Classically we have, of course, C.S. Lewis and Tolkien. While Lewis's greatest beasts of myth were of the good side, Tolkien preferred the darker creatures, and cast them in with his evil characters.
Personally, I like Lewis's usage better, so we'll focus on him.
In The Chronicles of Narnia we are introduced, and inevitably fall in love with, a variety of creatures. In the Lion the Witch and Wardrobe, we have Mr. Tumnus, a Faun that Lucy meet in the woods of Narnia. he is a kind hearted soul, who at first betrays Lucy, but is so overcome with grief and guilt, he sacrifices himself to save her.
In The Silver Chair we meet Puddleglum the Marsh Wiggle, who like his name is quite glum and depressing. He probably has the greatest character development, second only to Jill.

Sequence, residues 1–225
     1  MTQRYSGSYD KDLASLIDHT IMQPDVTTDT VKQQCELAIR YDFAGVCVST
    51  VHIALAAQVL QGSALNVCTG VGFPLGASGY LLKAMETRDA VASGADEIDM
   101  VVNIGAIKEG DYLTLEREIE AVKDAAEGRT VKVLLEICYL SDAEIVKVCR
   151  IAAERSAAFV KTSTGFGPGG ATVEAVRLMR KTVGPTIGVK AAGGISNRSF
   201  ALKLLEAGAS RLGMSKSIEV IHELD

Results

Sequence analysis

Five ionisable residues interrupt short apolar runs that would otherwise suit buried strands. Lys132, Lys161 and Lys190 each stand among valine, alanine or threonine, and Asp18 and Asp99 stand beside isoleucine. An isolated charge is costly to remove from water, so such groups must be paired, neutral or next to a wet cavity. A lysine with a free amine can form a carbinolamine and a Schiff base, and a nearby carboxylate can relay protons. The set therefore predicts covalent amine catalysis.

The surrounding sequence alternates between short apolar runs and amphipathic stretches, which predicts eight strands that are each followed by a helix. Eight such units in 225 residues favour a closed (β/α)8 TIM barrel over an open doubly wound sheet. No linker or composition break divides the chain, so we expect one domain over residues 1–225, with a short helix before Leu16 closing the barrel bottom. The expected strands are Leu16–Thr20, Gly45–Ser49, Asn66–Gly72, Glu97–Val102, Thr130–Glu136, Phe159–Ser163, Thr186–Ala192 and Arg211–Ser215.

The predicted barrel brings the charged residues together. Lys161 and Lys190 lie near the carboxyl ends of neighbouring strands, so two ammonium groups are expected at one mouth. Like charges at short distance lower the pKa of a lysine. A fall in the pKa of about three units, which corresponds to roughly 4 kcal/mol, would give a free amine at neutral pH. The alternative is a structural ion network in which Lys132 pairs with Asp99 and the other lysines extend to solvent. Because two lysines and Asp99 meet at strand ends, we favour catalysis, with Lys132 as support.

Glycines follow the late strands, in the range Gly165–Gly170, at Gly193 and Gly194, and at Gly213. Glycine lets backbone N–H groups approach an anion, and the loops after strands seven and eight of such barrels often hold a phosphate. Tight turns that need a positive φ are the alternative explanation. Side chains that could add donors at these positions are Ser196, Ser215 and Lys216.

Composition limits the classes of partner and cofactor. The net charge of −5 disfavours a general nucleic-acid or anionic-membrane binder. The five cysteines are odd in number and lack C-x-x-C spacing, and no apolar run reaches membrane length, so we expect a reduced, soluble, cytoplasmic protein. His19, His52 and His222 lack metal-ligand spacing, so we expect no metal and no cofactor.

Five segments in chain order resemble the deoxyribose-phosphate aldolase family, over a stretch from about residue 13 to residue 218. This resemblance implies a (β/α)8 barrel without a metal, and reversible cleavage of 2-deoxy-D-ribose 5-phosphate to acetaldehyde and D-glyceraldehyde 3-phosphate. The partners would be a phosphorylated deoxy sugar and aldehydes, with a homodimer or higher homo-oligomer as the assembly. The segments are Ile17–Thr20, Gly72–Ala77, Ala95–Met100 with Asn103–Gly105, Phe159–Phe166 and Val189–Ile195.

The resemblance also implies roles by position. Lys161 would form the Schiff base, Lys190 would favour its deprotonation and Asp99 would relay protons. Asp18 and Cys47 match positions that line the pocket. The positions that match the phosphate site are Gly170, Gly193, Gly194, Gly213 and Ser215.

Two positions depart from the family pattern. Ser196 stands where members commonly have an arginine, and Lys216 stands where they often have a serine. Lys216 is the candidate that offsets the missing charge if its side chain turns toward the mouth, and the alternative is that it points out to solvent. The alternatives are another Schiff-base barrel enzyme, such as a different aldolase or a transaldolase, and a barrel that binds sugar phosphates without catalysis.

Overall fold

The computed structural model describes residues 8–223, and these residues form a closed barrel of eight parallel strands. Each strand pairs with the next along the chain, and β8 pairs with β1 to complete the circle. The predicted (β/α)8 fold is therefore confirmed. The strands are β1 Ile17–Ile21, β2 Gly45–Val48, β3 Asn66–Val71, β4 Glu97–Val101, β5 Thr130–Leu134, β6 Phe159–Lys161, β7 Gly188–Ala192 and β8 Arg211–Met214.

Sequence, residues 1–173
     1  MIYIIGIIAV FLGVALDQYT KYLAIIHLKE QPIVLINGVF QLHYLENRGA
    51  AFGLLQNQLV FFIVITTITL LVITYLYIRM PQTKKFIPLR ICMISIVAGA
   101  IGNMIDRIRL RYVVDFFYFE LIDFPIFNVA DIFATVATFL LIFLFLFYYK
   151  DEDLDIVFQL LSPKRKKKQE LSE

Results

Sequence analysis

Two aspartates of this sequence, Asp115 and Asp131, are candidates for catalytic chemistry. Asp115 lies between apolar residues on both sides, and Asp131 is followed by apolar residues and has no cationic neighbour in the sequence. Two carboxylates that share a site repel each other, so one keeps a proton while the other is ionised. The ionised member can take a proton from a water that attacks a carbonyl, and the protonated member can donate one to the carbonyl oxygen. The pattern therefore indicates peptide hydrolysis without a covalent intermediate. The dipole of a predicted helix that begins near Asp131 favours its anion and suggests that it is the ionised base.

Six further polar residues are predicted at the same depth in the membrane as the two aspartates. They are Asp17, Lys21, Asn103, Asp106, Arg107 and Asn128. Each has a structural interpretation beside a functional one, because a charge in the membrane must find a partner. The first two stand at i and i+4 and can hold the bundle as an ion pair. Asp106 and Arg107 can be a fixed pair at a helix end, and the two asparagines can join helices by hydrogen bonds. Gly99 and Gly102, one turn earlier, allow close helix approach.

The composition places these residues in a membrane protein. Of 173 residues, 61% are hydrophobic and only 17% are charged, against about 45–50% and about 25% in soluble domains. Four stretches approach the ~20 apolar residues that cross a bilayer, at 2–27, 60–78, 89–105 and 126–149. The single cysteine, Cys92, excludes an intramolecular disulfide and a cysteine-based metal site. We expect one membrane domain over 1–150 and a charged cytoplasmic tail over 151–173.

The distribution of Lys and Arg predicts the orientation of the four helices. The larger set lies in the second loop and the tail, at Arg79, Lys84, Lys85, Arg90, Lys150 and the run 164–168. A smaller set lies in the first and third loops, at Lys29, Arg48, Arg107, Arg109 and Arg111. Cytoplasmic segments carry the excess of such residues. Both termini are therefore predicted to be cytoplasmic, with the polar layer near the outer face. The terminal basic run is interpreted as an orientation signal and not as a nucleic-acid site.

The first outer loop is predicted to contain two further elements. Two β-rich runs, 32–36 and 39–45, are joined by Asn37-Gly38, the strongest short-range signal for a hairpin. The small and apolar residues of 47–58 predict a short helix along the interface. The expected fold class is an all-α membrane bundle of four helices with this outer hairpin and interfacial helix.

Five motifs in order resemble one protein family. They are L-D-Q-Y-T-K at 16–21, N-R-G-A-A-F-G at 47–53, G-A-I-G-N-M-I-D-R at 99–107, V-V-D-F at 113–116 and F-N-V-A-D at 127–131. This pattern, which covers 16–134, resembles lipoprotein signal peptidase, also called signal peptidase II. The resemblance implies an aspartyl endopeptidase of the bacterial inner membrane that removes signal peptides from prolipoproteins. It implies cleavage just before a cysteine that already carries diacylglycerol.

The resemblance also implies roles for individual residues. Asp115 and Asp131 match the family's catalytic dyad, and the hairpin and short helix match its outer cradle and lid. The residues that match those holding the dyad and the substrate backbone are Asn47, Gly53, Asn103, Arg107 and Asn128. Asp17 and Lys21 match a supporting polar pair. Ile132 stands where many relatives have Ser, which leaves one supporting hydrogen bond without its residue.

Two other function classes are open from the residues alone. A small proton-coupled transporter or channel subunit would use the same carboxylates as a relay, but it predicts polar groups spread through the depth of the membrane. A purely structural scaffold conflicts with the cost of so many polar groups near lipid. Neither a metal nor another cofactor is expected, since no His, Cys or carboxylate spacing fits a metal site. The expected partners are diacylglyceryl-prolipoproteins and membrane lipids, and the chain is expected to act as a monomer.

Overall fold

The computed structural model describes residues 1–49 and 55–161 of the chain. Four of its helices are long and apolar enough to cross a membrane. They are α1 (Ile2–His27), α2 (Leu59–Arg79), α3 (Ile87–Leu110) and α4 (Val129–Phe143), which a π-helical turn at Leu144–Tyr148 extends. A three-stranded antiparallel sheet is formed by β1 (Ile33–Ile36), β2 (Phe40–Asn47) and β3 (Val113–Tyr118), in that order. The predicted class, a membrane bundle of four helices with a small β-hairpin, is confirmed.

But where did Mr. Lewis get so many of his fantastic creatures from?

Why, from the Greeks and Romans.

Greek mythology is filled with Satyrs (Fauns) and centaurs. Pan, the most famous of the fauns, was an ugly satyr who scared people, chased dryads, and is credited with the invention of the pan pipes. Not quite a Mr. Tumnus, I grant you, but is his ancestor of sorts.

We also have the Centaurs, great wild beasts who were horrid, and are comparable to the people of Nineveh in the tale of Jonah (though as far as I know, no one threatened to destroy the centaurs if they didn't behave. Pity, really....). The greatest of their kind was Chiron, who despised his brothers ways, and become known as a great teacher of heroes.

These creatures have travelled all the way down from history, capturing the imagination not only of C.S Lewis, but of more modern writers as well.